Why Do Cats Do That?: Real Answers to the Curious Things Cats Do?
1 of 1 people found the following review helpful
worth reading once,
This review is from: Why Do Cats Do That?: Real Answers to the Curious Things Cats Do? (Paperback)I got this book as a gift, and have since passed it along to another cat lover who also found the book to be interesting. I passed it along because it's not really the type of book I'd want to keep on a shelf in order to reference, but it's definitely worth reading once.
Why Cats Behave As We Do,
This review is from: Why Do Cats Do That?: Real Answers to the Curious Things Cats Do? (Paperback)I received this book as a gift and so felt obligated to read it. Having read it, I feel honor-bound to review it, but this book is really outside my area of expertise and so I have asked my cat, Buster, to step in and write the review in my place. Her comments follow:
Although reviewing books is not my usual gig, I'm happy to slide in here and help out. I note that my owner has about eight million reviews posted on this site and at least now he'll have one that's reasonably literate. This will be fairly brief, though. It's approaching time for my thirty-fourth nap of the day and I get kind of surly when I don't get enough rest. Truth to tell, though, being a cat I'm pretty surly most of the time anyhow, regardless of how much sleep I get.
I have to say that I was not all that knocked out about this book. There's no mystery to solve; there's no ticking clock; there's no explosions and there's precious little violence. Even worse, there's almost no sex in this book, and so I had a hard time staying interested in it.
The book purports to explain the reasons why cats behave as we do, as if any mere mortal could begin to comprehend what goes on in the mind of a cat. I mean, let's be honest here. Compared to the average cat, even somebody like Albert Einstein had an I.Q. equivalent to that of your basic cantaloupe. Still, I suppose you can't blame the author for trying.
There's an interesting chapter in the book that tells you how to grow your own catnip and suggests that one of the few times cats "completely lose their dignity is when they are in the throes of a catnip high." Rubbish! In the first place, of course, cats never lose their dignity, and in the second place this whole catnip business is highly overrated. And as my owner's friend, Kemper, could tell you, there's at least one thing we cats enjoy a helluva lot more than catnip.
The author also describes the reasons why some cats enjoy eating houseplants and she maintains that "eating greenery is a pretty harmless activity." She should try telling that to my owner's wife. I still bear the psychic scars from the tongue-lashing I got six years ago, when I decided to try lunching on her philodendron.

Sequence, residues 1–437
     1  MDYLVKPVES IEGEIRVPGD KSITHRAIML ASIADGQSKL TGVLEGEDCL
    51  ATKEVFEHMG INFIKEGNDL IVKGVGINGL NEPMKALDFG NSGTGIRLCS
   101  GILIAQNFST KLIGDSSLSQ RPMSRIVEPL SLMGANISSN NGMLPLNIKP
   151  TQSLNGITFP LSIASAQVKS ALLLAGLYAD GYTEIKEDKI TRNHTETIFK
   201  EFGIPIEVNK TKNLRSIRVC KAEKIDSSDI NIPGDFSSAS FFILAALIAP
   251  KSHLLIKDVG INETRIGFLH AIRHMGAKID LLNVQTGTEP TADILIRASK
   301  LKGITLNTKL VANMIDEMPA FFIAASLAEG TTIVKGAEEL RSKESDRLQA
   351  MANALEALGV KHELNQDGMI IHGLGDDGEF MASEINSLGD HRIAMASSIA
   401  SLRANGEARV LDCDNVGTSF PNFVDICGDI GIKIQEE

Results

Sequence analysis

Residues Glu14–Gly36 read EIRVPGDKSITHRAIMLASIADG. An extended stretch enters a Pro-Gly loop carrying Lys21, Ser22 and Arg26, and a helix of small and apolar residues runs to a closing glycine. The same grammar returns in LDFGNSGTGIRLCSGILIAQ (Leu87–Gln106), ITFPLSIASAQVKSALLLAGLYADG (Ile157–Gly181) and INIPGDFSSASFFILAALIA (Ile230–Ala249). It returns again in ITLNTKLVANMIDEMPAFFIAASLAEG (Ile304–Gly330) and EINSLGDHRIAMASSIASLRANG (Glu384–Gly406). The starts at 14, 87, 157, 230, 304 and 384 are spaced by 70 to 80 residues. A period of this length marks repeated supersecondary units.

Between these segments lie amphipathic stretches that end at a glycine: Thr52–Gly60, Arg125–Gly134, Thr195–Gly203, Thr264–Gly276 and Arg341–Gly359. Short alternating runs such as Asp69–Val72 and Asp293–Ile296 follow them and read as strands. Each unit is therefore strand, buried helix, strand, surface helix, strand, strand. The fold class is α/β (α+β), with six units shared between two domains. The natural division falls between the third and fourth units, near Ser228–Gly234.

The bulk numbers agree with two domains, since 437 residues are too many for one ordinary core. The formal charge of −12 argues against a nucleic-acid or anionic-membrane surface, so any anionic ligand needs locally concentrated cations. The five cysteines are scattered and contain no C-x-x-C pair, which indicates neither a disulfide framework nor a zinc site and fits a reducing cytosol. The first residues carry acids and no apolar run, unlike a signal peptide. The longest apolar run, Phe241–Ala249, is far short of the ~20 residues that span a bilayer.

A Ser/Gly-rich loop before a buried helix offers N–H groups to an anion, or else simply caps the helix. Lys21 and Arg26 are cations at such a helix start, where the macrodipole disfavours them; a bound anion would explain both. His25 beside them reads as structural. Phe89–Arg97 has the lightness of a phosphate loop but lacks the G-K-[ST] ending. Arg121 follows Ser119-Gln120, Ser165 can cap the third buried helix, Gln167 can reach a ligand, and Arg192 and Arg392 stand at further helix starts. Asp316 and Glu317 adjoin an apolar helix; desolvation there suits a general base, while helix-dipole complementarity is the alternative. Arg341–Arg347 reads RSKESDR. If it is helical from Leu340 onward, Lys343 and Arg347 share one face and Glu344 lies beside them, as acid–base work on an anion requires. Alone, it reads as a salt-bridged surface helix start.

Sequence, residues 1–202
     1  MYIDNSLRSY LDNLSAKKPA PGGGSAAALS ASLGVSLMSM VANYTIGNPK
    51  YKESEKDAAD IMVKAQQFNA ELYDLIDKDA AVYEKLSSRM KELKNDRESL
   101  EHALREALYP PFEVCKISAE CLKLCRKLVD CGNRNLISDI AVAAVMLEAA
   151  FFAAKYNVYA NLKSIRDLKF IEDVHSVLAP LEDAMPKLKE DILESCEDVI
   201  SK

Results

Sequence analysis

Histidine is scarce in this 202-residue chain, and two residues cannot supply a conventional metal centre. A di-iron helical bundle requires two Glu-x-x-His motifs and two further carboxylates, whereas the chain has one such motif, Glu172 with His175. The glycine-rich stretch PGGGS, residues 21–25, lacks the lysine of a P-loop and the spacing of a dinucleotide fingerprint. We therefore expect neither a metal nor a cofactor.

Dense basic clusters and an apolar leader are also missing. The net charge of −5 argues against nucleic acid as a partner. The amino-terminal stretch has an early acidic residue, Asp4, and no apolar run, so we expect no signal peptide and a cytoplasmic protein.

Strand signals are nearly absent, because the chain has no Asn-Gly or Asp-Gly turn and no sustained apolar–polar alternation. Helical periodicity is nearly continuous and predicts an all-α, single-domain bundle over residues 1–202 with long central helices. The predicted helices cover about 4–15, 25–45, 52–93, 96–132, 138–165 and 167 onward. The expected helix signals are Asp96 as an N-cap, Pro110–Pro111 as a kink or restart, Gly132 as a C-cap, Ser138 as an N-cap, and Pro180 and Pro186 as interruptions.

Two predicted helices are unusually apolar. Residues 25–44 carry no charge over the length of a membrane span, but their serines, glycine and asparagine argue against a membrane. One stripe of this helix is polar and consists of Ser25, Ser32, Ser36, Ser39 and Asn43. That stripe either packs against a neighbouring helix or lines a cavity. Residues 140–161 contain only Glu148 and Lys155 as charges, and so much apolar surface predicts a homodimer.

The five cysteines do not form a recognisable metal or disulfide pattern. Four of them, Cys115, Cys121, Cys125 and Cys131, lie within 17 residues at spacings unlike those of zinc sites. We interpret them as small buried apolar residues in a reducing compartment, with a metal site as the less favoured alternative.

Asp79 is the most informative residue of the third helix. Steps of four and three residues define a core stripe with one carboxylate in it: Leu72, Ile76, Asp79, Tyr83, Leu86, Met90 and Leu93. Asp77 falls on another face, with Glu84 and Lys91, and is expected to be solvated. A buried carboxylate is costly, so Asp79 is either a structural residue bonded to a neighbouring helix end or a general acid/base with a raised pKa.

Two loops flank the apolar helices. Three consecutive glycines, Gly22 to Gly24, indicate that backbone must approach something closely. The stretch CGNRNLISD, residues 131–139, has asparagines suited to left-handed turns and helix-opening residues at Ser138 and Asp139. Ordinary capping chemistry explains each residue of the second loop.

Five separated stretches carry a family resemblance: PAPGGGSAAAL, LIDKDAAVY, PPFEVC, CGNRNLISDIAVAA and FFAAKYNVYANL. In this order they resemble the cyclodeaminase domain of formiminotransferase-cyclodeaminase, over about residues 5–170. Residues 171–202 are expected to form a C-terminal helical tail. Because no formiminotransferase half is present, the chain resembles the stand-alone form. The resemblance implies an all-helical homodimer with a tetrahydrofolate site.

I got really excited when I saw the title of the chapter, "Prey Play," because I naturally thought that Lucas Davenport was about to make an appearance and finally get this party started. No such luck, though. It turned out to be a chapter about cats in pursuit of prey and it suggests that cats really get off on the "thrill of the hunt." Wrong again! I get off on the thrill of somebody popping open a can of Tasty Treat Salmon Delight and setting it down right in front of me. I've got a multitude of more important things to do than hunting up my own damned dinner.
Finally, there's a chapter on bathing your cat in which the author actually claims that "cats don't necessarily mind getting wet." Are you freakin' kidding??? Any sumbitch dumb enough to get within a hundred yards of me with the intent of giving me a bath had damned well better already have a couple of gallons of blood lined up at the hospital because he's definitely going to be needing a transfusion!
Despite these reservations, I'm giving this book three stars because I'm sure that the author is a very nice lady and I know she meant well. I'm also sure that the human beings who read this book will enjoy it and will come way from the experience believing that they do have a better understanding of the cats who deign to share their lives with them.
Personally, though, I much prefer the books of that Lawrence Block guy. There's nothing I like better than having my owner pour about a half a pint of gin into my water bowl so that I can curl up with one of LB's Bernie Rhodenbarr novels. I like it that Bernie has a cat at Barnegat Books, and as we all know, the cat actually runs the store, especially when Bernie is out burglarizing somebody's home and tripping over the usual dead body. I also like it that Bernie's best friend, Carolyn, owns a pet-grooming business. No doubt about it: Block rocks!
Of course like everyone else of the feline persuasion, I'm also very fond of the work of Lilian Jackson Braun, who is one of the few writers who really understands the true place of cats in the natural order of things. I love all her books, but my favorite is #217 in the series, "The Cat Who Raised Elvis From the Dead."
Well, enough of this. It's Sunday, and it's supposed to be a day of rest. (Hey, aren't they all?) While I'm slaving away in here at the keyboard, my owner is sacked out on the couch, pounding down beers and watching football. It's time for me to slip on out there and join him and if I'm lucky, perhaps I can score a little beer for myownself. I just pray that my Steelers will put a gigantic can of whoop-ass on the Titans this afternoon so that I can get a good night's sleep...
0 of 1 people found the following review helpful
Why Do Cats Do That?,
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This review is from: Why Do Cats Do That?: Real Answers to the Curious Things Cats Do? (Paperback)This book has some information unknown to me but not as much as I expected.
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